These are interesting times for the Japanese role-playing game; times of progression, growth and change. I’m of course referring to the fantastical behemoth that is Final Fantasy XIII, but while the likes of Leona Lewis might be enjoying the new accessibility of the series, what do the loyal fans that have stuck with the series since the days of the SNES think? XIII features breathtaking visuals and the most refined combat system yet to grace the series, but the outrageous linearity puts a stake through the very heart of the Final Fantasy experience. Don’t take that the wrong way, I’m actually a big fan of the game, I just pray it’s not indicative of the direction the rest of the genre is heading.
Even if Square-Enix is hell-bent on taking the genre to the mainstream, there are still plenty of developers catering to the core audience. tri-Ace is one such studio, with games such as Valkyrie Profile, Infinite Undiscovery, and more recently Star Ocean: The Last Hope as shining examples. Its latest game, Resonance of Fate, has been (perhaps rather foolishly) released in the wake of Final Fantasy’s success, and subsequently may struggle to get itself noticed. Should players find the time for it, however, Resonance of Fate offers traditional JRPG gameplay with innovation in all the right places. Final Fantasy XIII haters, this could well be the game for you.
Set on a dystopian Earth, mankind has been driven to the brink of extinction after a poisonous gas permeated the planet’s crust, killing millions. Those who managed to survive built a device known as Basel, installing it deep underground to purify the polluted soils. A civilisation formed around the base of this device, gradually extending towards the clouds where the air was pure and clean. While the rich could afford to live on the top levels of this tower, the poor were forced to live nearer the base, creating a visible hierarchy. For the diminished population of Earth, the tiered system of Basel worked, but it wasn’t long before the purifiers stopped working, and the survival of mankind was thrown into jeopardy again.
Resonance of Fate structures itself around the livelihood of three hunters; Vashyron, Zephyr, and Leanne, who are hired to make sure Basel survives. As RPGs throughout history have taught us, hunters are hired swords (or in this case, guns) that take on dangerous jobs in exchange for money and loot. Missions are advertised on a notice board in town, and if they sound interesting enough, you can go off and find the relevant person to accept the work. Within this framework, an overarching structure of chapters split up the gameplay, meaning you can choose the order you play through the game, and decide when to advance to the next chapter.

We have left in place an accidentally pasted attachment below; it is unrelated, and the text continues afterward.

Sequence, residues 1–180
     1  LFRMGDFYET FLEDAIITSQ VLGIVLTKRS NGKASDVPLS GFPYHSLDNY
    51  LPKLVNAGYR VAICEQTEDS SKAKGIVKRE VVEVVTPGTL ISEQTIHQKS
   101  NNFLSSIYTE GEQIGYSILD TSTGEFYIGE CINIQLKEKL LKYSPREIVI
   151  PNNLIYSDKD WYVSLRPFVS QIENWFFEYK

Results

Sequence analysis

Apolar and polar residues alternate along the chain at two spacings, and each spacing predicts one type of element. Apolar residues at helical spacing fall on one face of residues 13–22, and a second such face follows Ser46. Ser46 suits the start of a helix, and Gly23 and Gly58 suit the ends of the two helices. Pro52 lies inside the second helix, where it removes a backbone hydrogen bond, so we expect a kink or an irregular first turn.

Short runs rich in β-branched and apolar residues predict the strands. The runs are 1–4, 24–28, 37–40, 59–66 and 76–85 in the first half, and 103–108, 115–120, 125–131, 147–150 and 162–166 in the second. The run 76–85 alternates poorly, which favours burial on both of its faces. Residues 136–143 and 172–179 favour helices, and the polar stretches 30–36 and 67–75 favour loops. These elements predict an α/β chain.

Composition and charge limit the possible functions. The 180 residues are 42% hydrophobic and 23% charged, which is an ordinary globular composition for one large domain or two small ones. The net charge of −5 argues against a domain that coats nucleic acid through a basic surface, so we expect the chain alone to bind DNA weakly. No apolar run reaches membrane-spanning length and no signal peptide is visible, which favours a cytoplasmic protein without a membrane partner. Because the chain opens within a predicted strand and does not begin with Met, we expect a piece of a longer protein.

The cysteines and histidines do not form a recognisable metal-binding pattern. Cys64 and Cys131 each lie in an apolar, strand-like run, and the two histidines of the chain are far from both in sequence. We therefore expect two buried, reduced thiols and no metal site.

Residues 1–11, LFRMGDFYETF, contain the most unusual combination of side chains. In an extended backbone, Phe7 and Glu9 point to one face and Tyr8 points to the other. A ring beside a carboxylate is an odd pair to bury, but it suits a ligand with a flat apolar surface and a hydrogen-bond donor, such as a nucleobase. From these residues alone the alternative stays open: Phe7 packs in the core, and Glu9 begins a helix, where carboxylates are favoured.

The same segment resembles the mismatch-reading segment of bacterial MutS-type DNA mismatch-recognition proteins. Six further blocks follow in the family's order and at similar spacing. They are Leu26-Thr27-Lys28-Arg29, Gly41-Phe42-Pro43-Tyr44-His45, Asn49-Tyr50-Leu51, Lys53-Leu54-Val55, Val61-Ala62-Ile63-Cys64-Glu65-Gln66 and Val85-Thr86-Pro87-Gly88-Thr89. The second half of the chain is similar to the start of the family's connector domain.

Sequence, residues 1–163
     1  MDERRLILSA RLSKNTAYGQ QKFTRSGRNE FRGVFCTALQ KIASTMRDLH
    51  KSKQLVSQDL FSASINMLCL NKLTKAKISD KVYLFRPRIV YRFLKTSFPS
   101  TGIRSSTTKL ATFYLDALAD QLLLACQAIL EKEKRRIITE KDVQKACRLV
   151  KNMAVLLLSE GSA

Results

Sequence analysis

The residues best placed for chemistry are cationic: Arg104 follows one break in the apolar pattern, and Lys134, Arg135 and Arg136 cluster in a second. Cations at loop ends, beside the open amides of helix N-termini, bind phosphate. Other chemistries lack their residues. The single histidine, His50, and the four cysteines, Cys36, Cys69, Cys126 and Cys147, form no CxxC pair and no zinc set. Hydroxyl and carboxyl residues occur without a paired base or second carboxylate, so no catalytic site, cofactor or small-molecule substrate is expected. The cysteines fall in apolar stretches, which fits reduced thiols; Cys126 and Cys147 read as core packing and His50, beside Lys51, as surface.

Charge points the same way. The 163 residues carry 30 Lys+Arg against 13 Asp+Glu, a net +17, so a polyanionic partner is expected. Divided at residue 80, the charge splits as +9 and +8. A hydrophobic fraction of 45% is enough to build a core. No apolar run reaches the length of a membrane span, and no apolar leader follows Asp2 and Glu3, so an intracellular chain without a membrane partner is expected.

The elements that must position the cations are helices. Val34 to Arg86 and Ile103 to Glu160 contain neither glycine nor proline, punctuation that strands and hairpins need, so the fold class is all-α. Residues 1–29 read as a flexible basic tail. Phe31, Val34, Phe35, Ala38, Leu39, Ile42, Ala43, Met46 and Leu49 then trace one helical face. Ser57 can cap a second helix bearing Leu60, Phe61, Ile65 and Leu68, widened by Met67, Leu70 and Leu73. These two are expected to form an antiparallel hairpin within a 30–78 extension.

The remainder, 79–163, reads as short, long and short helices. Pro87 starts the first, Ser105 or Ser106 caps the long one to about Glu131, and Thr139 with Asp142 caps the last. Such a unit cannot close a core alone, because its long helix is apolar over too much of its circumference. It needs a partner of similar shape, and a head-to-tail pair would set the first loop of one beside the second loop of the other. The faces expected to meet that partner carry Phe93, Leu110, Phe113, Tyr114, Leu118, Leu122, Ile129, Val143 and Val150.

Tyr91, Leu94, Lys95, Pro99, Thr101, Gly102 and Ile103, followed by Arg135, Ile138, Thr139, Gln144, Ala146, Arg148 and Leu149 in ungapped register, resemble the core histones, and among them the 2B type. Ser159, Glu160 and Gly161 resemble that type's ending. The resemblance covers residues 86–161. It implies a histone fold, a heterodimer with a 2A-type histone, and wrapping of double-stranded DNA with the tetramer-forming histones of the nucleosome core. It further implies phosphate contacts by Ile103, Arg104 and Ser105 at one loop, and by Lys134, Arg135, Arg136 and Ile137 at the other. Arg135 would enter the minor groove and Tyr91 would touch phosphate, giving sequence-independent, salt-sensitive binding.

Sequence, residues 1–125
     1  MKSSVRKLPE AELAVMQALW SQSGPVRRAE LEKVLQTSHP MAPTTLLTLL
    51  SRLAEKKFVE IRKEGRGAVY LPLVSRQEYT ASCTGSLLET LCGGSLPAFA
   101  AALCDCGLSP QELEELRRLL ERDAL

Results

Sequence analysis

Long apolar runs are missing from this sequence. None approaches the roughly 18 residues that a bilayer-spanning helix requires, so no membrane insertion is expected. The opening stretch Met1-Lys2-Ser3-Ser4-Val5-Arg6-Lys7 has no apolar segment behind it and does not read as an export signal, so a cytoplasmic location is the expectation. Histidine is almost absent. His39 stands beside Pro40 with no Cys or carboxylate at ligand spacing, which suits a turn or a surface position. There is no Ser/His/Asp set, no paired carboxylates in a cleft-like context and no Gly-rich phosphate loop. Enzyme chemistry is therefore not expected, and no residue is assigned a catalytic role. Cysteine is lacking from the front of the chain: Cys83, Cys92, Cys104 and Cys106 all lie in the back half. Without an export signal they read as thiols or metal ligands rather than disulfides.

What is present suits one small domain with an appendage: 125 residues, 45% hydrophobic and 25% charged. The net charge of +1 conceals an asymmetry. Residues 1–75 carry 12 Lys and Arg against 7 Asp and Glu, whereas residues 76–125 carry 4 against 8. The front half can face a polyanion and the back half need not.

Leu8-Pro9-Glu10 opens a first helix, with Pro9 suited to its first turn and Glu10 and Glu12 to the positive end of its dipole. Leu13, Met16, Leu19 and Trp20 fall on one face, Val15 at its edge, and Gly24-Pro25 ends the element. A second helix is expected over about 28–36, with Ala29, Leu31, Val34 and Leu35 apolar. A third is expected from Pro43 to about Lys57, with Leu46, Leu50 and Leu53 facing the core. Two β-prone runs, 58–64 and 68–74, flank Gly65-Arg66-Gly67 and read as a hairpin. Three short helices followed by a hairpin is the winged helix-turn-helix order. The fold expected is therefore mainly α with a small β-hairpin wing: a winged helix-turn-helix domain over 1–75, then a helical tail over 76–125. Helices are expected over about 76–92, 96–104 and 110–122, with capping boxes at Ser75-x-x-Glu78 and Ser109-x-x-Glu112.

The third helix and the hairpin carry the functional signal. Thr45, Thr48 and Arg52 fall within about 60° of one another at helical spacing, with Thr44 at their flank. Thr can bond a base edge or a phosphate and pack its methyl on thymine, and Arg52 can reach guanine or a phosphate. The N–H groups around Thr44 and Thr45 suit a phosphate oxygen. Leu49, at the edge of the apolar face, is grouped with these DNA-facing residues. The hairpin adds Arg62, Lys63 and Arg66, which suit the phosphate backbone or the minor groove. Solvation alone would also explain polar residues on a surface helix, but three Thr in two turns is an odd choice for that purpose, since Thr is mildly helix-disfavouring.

The steampunk world the characters inhabit is a joy to explore, with impressive Victorian-esque architecture, strange mechanical devices and cogs galore populating the cobbled streets. It’s certainly a refreshing aesthetic, but frugal use of colour gives the game a slightly drab feel to it. Greys and browns are in keeping with the theme, but the game world feels lifeless and dreary as a result. After a few hours with the game, this quickly becomes insignificant; the graphics are free of technical hitches, the character models are nice (if a little generic) and customisation directly affects your character's appearance in both battle and cutscenes, which is always a nice touch.
Complimenting the mature tones, Resonance of Fate replaces swords and spells with guns and bullets. Combat is the same blend of real-time and turn-based combat tri-Ace often brings to its games, a system where the focus is on action. While in control of a character, players are free to run about as they wish; some environments even have objects which can be used as cover. Holding the A button charges a circular gauge, varying in speed depending on your distance from the enemy. Once charged, pressing the button again fires your weapon at the targeted enemy. All nice and simple so far? Good, because even for the most well educated RPG player, confusion quickly escalates.
Guns come in numerous shapes and sizes, and depending on their type, two different types of damage can be dealt. While "Direct" damage reduces the HP of an enemy as one would expect, "Scratch" damage reduces a different meter, which replenishes over time. To make the most of this, one should follow up Scratch damage with a Direct attack as quickly as possible to make the injuries count. This becomes second nature after a few hours, but an altogether more interesting mechanic complicates matters further, while at the same time gives the system its unique hook.